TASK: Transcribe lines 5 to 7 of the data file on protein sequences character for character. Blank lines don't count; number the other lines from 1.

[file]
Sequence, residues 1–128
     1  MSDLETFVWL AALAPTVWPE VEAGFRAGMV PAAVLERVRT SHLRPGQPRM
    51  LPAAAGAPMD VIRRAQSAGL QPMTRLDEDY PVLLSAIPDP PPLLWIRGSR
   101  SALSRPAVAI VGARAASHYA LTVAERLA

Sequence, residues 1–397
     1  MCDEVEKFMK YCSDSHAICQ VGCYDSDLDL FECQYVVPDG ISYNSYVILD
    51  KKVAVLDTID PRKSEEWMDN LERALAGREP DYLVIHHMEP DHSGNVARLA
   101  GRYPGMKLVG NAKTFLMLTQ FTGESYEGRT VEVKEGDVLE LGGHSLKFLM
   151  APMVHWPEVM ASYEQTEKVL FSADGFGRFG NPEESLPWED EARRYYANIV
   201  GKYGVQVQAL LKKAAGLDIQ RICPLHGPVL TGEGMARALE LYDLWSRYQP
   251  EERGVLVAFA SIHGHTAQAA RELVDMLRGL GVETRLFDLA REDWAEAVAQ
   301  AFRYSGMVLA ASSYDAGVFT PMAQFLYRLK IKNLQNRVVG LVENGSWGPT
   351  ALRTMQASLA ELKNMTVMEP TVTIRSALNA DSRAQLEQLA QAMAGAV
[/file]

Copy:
Sequence, residues 1–397
     1  MCDEVEKFMK YCSDSHAICQ VGCYDSDLDL FECQYVVPDG ISYNSYVILD
    51  KKVAVLDTID PRKSEEWMDN LERALAGREP DYLVIHHMEP DHSGNVARLA